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Major Opponents of LG Tower Join Legal Battle to Protect Palisades Park
FOR IMMEDIATE RELEASE/ 04/07/14
National, regional and local organizations are joined by New Jersey and New York State officials in filing amicus briefs to urge court: Reject zoning height variance that would spoil and mar Park
New Jersey Mayors cite duty to protect the Palisades as long-time" public trust"
while citizen groups stress how town, LG violate a century of legal precedent
The New Jersey Conservation Foundation, the Palisades Park Conservancy, the National Trust for Historic Preservation, the Regional Plan Association, the New Jersey Sierra Club, the Natural Resources Defense Council and five other respected park and preservation organizations joined in filing a "friend of the court" brief today in New Jersey Appellate Court against LG Electronics' plans to erect a 143-foot tower less than 60 yards from Palisades Interstate Park. Separate legal papers expressing opposition to the tower height were also filed by four New Jersey mayors and several key New York elected officials, including Attorney General Eric Schneiderman.
Arguing that the variances granted by the Borough of Englewood Cliffs to LG Electronics for its new U.S. headquarters in 2011 would violate New Jersey law and long-standing interstate pacts, the groups and officials submitted their court briefs concurrently today to demonstrate the broad range of opposition to LG's plan to build high above the Park. LG has stated it designed its tower "in order to take advantage of the view" - a plan which the Director of the U.S. National Park Service has stated, "threatens the nationally significant historic, scenic integrity of the Palisades in a major way."
(Note: Amicus court brief by the 11 organizations is available here - http://www.njconservation.org/docs/Palisades-amicus-brief.pdf . For other briefs, please contact New Jersey Conservation Foundation.)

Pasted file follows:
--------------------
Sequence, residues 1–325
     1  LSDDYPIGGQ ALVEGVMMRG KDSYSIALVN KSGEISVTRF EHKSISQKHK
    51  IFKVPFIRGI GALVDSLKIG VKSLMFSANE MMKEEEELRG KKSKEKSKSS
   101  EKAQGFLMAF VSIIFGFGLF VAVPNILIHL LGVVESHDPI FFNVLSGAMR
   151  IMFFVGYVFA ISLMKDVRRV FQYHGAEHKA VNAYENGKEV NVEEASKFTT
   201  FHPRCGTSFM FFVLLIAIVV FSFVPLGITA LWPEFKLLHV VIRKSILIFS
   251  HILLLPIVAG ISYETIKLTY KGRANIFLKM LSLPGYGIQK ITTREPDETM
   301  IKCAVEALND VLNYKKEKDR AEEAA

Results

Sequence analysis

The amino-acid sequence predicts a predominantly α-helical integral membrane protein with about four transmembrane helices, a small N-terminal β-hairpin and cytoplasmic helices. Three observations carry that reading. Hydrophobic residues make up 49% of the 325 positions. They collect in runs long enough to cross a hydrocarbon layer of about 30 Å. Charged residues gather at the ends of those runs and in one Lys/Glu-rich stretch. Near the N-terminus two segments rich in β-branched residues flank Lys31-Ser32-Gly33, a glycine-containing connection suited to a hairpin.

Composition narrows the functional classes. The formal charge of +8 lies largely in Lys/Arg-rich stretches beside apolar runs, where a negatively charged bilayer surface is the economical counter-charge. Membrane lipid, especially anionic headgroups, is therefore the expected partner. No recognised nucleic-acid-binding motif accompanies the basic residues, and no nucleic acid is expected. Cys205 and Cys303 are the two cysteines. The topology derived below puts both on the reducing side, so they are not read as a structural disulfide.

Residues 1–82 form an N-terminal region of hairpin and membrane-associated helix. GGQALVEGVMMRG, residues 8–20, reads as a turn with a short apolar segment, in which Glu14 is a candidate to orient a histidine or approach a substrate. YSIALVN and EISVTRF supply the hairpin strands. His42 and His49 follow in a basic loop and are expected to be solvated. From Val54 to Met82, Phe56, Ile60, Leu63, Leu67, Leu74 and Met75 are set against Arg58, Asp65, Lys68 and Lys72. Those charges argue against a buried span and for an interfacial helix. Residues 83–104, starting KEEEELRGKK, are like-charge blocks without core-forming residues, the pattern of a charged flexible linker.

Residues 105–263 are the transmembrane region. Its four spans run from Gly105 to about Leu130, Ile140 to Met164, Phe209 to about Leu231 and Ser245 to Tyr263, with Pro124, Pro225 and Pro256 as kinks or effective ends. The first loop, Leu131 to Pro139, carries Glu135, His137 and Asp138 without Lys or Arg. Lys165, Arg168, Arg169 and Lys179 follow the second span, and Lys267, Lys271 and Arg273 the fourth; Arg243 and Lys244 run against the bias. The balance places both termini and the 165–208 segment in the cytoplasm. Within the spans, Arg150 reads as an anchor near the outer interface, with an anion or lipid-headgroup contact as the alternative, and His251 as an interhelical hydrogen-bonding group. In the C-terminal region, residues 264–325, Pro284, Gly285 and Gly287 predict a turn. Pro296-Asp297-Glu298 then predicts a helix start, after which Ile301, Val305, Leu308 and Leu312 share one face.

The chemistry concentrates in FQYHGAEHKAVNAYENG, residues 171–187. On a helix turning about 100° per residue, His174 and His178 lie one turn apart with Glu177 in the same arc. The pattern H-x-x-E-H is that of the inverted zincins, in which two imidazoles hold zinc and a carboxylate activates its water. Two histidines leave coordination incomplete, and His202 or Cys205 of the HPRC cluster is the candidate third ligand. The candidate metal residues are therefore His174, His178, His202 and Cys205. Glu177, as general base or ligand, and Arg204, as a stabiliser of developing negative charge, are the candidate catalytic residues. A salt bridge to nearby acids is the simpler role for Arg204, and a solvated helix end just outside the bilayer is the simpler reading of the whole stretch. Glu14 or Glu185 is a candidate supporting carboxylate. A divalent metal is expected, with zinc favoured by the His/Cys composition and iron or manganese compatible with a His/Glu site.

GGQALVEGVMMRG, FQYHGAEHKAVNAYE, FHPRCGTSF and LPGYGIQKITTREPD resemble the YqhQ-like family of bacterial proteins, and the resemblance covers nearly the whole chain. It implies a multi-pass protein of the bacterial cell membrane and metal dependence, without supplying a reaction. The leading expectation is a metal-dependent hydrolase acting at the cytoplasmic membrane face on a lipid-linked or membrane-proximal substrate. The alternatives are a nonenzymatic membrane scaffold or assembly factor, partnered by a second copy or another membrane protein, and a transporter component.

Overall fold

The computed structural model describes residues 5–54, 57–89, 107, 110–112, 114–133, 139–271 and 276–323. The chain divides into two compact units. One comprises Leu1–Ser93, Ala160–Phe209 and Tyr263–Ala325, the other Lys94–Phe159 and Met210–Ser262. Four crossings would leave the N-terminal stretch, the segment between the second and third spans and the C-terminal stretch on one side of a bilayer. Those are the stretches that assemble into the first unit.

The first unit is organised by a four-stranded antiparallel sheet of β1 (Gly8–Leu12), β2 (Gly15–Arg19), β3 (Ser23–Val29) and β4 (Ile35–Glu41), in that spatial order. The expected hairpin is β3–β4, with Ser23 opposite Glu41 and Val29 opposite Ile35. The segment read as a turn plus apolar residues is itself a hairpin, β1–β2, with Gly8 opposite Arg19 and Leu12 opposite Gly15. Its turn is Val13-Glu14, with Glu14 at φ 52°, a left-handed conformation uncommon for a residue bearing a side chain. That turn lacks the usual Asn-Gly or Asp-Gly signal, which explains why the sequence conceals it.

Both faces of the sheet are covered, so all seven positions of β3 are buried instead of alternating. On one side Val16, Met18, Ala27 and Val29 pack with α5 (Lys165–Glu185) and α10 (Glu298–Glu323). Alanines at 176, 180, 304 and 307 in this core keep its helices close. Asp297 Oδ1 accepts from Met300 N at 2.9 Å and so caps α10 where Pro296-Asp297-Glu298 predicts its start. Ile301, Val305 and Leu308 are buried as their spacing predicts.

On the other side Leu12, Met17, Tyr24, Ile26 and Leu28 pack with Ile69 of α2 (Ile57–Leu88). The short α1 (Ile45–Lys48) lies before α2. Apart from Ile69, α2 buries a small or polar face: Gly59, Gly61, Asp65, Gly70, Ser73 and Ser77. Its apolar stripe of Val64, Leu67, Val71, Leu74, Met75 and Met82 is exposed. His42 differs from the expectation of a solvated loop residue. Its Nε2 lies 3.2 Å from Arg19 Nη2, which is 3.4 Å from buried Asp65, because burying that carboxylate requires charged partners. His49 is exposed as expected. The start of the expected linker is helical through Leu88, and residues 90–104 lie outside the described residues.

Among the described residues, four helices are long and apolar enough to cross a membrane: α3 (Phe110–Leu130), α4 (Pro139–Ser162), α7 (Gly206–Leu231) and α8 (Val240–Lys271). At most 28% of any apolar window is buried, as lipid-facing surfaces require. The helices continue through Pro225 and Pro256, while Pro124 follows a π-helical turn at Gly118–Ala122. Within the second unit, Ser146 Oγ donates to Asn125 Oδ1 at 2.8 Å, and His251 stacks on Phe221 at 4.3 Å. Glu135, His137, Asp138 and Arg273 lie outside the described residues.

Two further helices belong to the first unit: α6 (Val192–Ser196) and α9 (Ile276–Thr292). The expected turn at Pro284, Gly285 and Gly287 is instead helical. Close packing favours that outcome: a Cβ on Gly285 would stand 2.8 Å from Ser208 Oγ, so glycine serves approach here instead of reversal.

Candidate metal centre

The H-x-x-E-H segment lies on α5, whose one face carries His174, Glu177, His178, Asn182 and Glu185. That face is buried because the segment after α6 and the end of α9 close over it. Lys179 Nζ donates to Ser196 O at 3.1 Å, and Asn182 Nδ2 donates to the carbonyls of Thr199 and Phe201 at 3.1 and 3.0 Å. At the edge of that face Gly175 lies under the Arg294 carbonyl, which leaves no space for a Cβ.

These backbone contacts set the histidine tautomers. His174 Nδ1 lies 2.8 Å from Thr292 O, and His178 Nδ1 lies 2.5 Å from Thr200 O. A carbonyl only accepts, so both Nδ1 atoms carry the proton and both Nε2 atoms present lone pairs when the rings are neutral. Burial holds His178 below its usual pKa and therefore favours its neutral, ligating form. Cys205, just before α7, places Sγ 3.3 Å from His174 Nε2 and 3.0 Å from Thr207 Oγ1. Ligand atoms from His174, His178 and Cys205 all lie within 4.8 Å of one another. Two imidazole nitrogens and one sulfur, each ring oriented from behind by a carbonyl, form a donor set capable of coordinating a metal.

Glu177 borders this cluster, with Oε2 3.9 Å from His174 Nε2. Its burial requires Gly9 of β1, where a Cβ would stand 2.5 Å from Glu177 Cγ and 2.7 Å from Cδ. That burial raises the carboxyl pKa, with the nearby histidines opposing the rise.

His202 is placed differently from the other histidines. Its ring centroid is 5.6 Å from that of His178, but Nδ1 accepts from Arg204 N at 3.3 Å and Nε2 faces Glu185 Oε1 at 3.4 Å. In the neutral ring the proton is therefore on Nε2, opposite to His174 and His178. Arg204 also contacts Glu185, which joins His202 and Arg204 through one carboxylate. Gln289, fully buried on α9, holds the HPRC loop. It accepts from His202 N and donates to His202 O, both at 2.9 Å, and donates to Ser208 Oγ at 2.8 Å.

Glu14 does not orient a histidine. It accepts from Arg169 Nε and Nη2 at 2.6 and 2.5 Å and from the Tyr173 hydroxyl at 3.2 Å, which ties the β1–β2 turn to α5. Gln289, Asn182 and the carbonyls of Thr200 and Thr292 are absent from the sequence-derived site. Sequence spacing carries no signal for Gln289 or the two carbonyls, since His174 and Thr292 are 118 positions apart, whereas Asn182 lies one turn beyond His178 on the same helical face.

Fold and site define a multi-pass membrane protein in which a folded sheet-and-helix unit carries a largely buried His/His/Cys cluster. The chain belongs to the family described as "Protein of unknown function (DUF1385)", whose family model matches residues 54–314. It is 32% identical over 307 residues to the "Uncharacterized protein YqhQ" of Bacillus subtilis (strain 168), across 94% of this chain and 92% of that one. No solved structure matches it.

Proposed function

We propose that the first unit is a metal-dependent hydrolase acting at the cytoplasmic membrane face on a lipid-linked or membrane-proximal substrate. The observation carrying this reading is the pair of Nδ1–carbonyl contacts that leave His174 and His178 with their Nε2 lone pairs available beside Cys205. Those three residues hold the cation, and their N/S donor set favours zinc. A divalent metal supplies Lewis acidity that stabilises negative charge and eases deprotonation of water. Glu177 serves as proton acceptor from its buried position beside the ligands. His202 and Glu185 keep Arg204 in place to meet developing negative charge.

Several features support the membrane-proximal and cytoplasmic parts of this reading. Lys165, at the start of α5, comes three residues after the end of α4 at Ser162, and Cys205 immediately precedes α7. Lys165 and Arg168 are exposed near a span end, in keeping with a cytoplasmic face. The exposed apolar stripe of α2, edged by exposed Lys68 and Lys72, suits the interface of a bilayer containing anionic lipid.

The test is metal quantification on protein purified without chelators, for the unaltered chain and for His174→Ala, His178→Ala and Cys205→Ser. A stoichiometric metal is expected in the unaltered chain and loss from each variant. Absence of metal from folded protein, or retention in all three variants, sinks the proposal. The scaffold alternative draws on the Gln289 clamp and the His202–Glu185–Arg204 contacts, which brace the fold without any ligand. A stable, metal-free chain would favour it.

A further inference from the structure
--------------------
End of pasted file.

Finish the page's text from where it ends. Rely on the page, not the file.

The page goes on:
"These brief show that opposition to LG's tower is widespread, forceful and solidly backed by New Jersey law," said Michele Byers, executive director of the New Jersey Conservation Foundation (NJCF), which submitted a joint brief with 10 other groups. The 11 groups have more than 1.6 million supporters; one organization, the New York-New Jersey Trail Conference, represents 100 other groups.
"Fortunately, there is a 'win-win' solution available to LG by simply redesigning its headquarters," Byers added. "A lower headquarters on its large 27-acre lot would mean the same amount of office space and the same number of jobs-while preserving the integrity of the Palisades at the same time."
"If this massive office tower is constructed as planned, it will forever taint one of the most iconic scenic vistas in the nation-and open the door for more high-rise development to extend for miles upstream, undoing a century of conservation," stated Mark Izeman, Senior Attorney at the Natural Resources Defense Council (NRDC).
The newly filed court papers argue that the LG tower-four times higher than the 35-foot height limit adhered to by towns along the Palisades for decades-would damage forever the adjacent interstate park and its unspoiled landmark vistas extending for miles north of the George Washington Bridge. As four former governors of New Jersey recently stated, "LG would take for its own private benefit natural beauty which belongs to the public." The effect of a bad precedent would lead to other high-rise development spreading north along the Park for the full three-mile length of Englewood Cliffs, undoing a century of conservation effort begun by Theodore Roosevelt and the New Jersey State Federation of Women's Clubs.